Health care in Syria

After a fitful night, Becky’s cough was not getting any better. We decided to ask for Fadi’s [1] assistance with visiting a doctor. He had mentioned last night that his cousin Bassam was a Pharmacist at a hospital, and spoke excellent English. Ten minutes after our request, Fadi was at our doorstep to whisk us away to see the doctor. He drove us to the local Christian hospital. Upon arrival, we met Bassam briefly and were again whisked into the empty emergency room to see the doctor. We continue to be amazed and heartened by the culture of openness and helpfulness from people we meet in Syria.

An hour and 1150 SYP ($30 CAD) later, Becky saw a doctor, had an x-ray, and inhaled a nebulizer (some asthma drugs infused in steam). Doctor Mahmoud validated that she does not have an infection and the nebulizer seems to have gotten the worst of the coughing under control. The doctor’s prognosis was allergic bronchitis. With the strong asthma medication, and some more rest, the cough should repair itself soon.

The doctor spoke good English – he explained that he spoke good medical English but not so good social English. The hospital itself was clean (the nebulizer mask was packaged in a sterile bag and it left with us, so Becky could use it with the second dose). What was odd was that people were smoking in the hallways – although not the treatment rooms. When we were waiting for the x-ray results, the doctor had us wait in the treatment room because the air was better – it was also warmer as the hallways are not heated.

With Becky feeling much better and able to take a deep breath without coughing, we took a taxi back to the area of our hotel. Rather than going directly to the hotel, we went to the Sheraton to check out the breakfast buffet. We had heard that it was good, so we decided to splurge on a good breakfast. We stuffed ourselves with a variety of western and local food. Becky was especially happy to have a good and large cup of brewed coffee while Scott enjoyed trying some of the local foods that he did not feel comfortable trying on the streets. (There are some cheeses which look yummy, but they are offered in unwrapped chunks and handled by the purchasers – probably fine but after our experience with stomach ills in Turkey we’re trying to be much more careful). Unfortunately, we arrived rather late (at 10:30) and the buffet ended at 11 am. We had hoped to laze around for a couple of hours enjoying the different foods and getting our money’s worth (it cost 1500 Syrian Pounds for the two of us, about $45 CAD). We were the last people to leave the restaurant after much of it had been cleaned up at 11:45.

After all the morning excitement we went back to the hotel for an afternoon nap and shower. We asked to have the hot water turned on, and not two minutes later the power went out – oh well, such is life in Aleppo this winter. Our showers had to wait until the power returned a couple hours later.

Before supper, Becky was feeling up for a short walk, so we decided to check out the Old Souk (bazaar). The old bazaar in Aleppo is listed as a UNESCO World Heritage site and immediately we could see why. It was clearly a working souk, with shops dedicated to thread, bolts of cloth and even raw wool and raw cotton. On one of the streets there was even a loaded donkey doing deliveries! Overall it felt much more authentic than the Grand Bazaar in Istanbul. We saw only a fraction of the streets, so we’ll definitely go back. We were there late in the day, so we did not receive too much hassle from the touts, but there were two memorable ones.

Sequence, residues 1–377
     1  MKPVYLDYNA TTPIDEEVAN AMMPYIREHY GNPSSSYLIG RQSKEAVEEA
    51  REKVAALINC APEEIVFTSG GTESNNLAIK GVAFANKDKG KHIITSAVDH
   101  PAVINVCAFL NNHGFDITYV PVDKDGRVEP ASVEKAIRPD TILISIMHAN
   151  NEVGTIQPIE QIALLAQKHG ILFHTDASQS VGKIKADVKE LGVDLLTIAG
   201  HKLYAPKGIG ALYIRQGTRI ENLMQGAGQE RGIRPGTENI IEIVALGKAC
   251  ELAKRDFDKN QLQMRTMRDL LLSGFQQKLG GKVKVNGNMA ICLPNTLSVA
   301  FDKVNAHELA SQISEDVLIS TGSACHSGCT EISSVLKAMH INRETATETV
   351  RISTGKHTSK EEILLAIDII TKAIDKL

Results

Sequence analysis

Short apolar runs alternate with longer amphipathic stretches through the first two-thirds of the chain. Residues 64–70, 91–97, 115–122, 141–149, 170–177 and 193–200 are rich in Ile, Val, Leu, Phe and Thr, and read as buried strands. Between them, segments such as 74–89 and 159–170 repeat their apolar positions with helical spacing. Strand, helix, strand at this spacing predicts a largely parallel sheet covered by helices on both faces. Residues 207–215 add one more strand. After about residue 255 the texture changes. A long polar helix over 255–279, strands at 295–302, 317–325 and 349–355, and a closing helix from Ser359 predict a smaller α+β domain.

Donkey making deliveries in souk (Aleppo Syria)
Donkey making deliveries in souk (Aleppo Syria)

Merchant says: “Do you want to spend your money in my store?”
Scott says: “No thank-you”
Merchant says sadly: “No one does.”

Another merchant with great English talked to us for a bit. He was selling the nice soft pashmira scarves – Becky had mentioned to Scott earlier that she wanted to pick up one or two and send them home. So, we looked at the scarves and foolishly asked how much they were. We had planned on walking away and not buying anything at this point in time, but well … his price started at 750 SYP but after several attempts to walk away and say later, the price was reduced to 400 SP (about $13 CAD) and we walked away with a beautiful new scarf for Becky. When we asked Fadi later, he said 400 SYP was about twice what a local would pay, so we think we did pretty well! We have heard from other travelers who feel they should pay local prices and get frustrated when they can’t bargain the price down as much. We figure if we can get the price down to where we’re paying a reasonable price, we’re doing OK. After all, we’re the ones who are fortunate enough to be able to travel around the world – if we pay a little more for things, that’s OK.

[1] Fadi is Scott’s friend Ghanam’s brother-in-law who lives in Aleppo. Ghanem put us in touch with various people when we told him we were heading to Syria, which has been wonderful so far!

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